United States District Court, N.D. California
ORDER GRANTING RESPONDENT’S MOTION TO DISMISS;
DENYING CERTIFICATE OF APPEALABILITY RE: DKT. NO. 10
HAYWOOD S. GILLIAM, JR. UNITED STATES DISTRICT JUDGE
a pro se prisoner, filed this action for a writ of
habeas corpus pursuant to 28 U.S.C. § 2254. Respondent
has moved to dismiss the petition as untimely. Petitioner did
not file any opposition to the motion, and the time to do so
convicted petitioner of inflicting corporal injury resulting
in a traumatic condition on a former cohabitant (Cal. Pen.
Code § 273.5, subd. (a)), assault with force likely to
cause great bodily injury (Cal. Pen. Code § 245, subd.
(a)(1)), and resisting arrest (Cal. Pen. Code § 148,
subd. (a)(1)). Ex. A at 2. On December 2, 2011, the trial court
sentenced petitioner to 25 years to life in state prison. Ex.
C at 12. On August 20, 2013, the California Court of Appeal
modified the judgment so as to strike a domestic violence
fine but otherwise affirmed. Ex. A at 6. The California
Supreme Court denied review on October 30, 2013. Ex. C at 2.
March 27, 2015, petitioner filed a petition for writ of
habeas corpus in the California Supreme Court. Ex. B at 2.
The petition was denied on July 8, 2015. Id.
then filed this action, seeking a writ of habeas corpus. The
petition has a signature date of July 27, 2015 and was
stamped “filed” at the Court on August 3, 2015.
As a pro se prisoner, petitioner receives the
benefit of the prisoner mailbox rule, which deems most
documents filed when the prisoner gives them to prison
officials to mail to the court. See Stillman v.
LaMarque, 319 F.3d 1199, 1201 (9th Cir. 2003). The Court
will assume he gave the petition to prison officials for
mailing on the date he signed it, i.e., July 27, 2015, and
deem the federal petition filed as of that date.
Antiterrorism and Effective Death Penalty Act of 1996
(“AEDPA”) became law on April 24, 1996 and
imposed for the first time a statute of limitations on
petitions for a writ of habeas corpus filed by state
prisoners. Petitions filed by prisoners challenging
non-capital state convictions or sentences must be filed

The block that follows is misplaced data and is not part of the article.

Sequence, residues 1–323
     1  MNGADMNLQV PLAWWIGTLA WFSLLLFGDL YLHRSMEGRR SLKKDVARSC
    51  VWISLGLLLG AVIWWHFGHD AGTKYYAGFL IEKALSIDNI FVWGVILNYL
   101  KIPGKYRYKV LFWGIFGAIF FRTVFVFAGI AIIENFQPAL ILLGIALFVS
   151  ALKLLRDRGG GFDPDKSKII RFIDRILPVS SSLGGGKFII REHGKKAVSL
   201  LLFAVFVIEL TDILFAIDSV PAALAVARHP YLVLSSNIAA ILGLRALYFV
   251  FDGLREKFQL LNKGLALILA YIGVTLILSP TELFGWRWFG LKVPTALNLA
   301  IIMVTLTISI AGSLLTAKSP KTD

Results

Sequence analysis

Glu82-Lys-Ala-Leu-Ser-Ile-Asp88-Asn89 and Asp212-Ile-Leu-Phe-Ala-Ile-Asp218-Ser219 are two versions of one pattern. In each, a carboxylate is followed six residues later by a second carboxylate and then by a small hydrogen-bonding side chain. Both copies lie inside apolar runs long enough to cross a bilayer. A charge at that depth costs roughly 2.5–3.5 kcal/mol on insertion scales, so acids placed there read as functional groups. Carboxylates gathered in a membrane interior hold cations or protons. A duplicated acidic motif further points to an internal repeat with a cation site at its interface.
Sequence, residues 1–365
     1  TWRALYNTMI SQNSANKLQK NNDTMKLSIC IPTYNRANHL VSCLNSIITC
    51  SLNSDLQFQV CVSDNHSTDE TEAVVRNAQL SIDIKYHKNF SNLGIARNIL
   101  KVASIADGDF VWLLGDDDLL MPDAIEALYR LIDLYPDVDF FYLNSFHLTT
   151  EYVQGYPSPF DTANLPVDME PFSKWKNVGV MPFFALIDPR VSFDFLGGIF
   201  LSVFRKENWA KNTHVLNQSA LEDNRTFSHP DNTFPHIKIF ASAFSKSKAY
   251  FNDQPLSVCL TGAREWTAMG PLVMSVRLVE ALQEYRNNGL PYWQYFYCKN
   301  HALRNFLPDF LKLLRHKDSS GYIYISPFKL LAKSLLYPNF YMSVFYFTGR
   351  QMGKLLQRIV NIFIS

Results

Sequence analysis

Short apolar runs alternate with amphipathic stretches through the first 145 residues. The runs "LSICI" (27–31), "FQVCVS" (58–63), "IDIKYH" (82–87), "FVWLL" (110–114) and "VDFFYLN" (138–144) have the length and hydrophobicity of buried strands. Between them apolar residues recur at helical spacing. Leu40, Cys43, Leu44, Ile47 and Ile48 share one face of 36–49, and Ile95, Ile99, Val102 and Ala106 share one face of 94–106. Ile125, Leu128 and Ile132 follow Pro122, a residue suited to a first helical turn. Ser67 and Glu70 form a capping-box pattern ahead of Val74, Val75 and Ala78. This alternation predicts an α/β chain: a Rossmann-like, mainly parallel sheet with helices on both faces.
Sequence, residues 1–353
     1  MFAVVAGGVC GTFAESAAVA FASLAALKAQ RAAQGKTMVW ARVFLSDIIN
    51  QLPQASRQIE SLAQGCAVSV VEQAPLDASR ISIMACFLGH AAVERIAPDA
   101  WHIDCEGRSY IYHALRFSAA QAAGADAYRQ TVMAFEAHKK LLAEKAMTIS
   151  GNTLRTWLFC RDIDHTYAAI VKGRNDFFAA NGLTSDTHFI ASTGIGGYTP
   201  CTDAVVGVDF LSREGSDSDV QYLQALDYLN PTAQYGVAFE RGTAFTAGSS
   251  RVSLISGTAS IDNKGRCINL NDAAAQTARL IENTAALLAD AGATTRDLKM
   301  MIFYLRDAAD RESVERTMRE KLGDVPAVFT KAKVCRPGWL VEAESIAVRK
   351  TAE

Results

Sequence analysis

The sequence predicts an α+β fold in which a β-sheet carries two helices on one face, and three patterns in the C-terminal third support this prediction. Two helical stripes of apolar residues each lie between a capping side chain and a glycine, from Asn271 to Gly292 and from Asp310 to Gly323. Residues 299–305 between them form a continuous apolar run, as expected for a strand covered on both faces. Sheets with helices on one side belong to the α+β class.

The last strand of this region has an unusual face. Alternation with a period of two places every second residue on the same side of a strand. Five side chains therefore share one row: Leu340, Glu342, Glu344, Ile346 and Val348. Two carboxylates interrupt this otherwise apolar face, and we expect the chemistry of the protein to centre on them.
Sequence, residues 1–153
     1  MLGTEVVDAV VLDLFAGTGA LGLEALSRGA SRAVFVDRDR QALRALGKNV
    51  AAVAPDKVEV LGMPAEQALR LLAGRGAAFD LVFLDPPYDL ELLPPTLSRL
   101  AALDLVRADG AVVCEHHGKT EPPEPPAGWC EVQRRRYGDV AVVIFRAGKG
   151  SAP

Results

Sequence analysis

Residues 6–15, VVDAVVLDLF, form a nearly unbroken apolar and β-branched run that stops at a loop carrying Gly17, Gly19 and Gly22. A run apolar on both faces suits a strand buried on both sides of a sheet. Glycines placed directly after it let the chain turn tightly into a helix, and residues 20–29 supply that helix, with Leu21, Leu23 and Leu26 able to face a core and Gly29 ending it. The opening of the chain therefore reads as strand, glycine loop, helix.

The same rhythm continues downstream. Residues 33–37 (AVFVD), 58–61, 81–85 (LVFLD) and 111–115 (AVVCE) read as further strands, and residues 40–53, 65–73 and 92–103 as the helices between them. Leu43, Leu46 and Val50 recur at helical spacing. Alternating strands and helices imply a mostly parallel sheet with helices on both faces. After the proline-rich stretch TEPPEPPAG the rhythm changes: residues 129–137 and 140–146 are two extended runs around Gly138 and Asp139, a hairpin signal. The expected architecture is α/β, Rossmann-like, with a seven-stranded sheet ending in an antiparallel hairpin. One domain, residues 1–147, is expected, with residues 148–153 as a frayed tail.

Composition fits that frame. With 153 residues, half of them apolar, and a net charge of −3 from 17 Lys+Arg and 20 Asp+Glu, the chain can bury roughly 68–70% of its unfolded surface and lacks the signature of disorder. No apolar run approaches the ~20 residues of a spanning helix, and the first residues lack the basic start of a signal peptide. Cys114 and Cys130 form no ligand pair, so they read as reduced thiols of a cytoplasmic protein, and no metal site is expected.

within one year of the latest of the date on which: (1) the
judgment became final after the conclusion of direct review
or the time passed for seeking direct review; (2) an
impediment to filing an application created by
unconstitutional state action was removed, if such action
prevented petitioner from filing; (3) the constitutional
right asserted was recognized by the Supreme Court, if the
right was newly recognized by the Supreme Court and made
retroactive to cases on collateral review; or (4) the factual
predicate of the claim could have been discovered through the
exercise of due diligence. 28 U.S.C. § 2244(d)(1). Time
during which a properly filed application for state
post-conviction or other collateral review is pending is
excluded from the one-year time limit. Id. §
the judgment became final and the limitations period began on
January 28, 2014, ninety days after the California Supreme
Court denied review. See Bowen v. Roe, 188 F.3d
1157, 1159 (9th Cir. 1999) (if a petitioner fails to seek a
writ of certiorari from the United States Supreme Court, the
AEDPA’s one-year limitations period begins to run on
the date the ninety-day period defined by Supreme Court Rule
13 expires). The presumptive deadline for petitioner to file
his federal petition was January 27, 2015. He missed that
deadline by six months, so unless he qualifies for tolling,
the petition is untimely.
does not claim he is entitled to statutory tolling. Even if
petitioner had claimed such tolling, however, he would not be
eligible for it. Pursuant to 28 U.S.C. § 2244, the
one-year limitations period is tolled for the “time
during which a properly filed application for State
post-conviction or other collateral review with respect to
the pertinent judgment or claim is pending.”
See 28 U.S.C. § 2244(d)(2). An application for
review remains “pending” in state court until it
“has achieved final resolution through the
State’s post-conviction procedures.” Carey v.
Saffold, 536 U.S. 214, 220 (2002).
petitioner did not file his first state habeas petition until
March 27, 2015, two months after the limitations period under
AEDPA had expired. See Ex. B. A state habeas
petition filed before AEDPA’s statute of limitations
begins to run tolls the limitations period. Jiminez v.
Rice, 276 F.3d 478, 482 (9th Cir. 2001). However, a
state habeas petition filed after AEDPA’s statute of
limitations ended cannot toll the limitations period. See
Ferguson v. Palmateer, 321 F.3d 820, 823 (9th Cir. 2003)
(“section 2244(d) does not permit the reinitiation of
the limitations period that has ended before the state
petition was filed, ” even if the state petition was
the Court finds the petition is not rendered timely on the
basis of statutory tolling.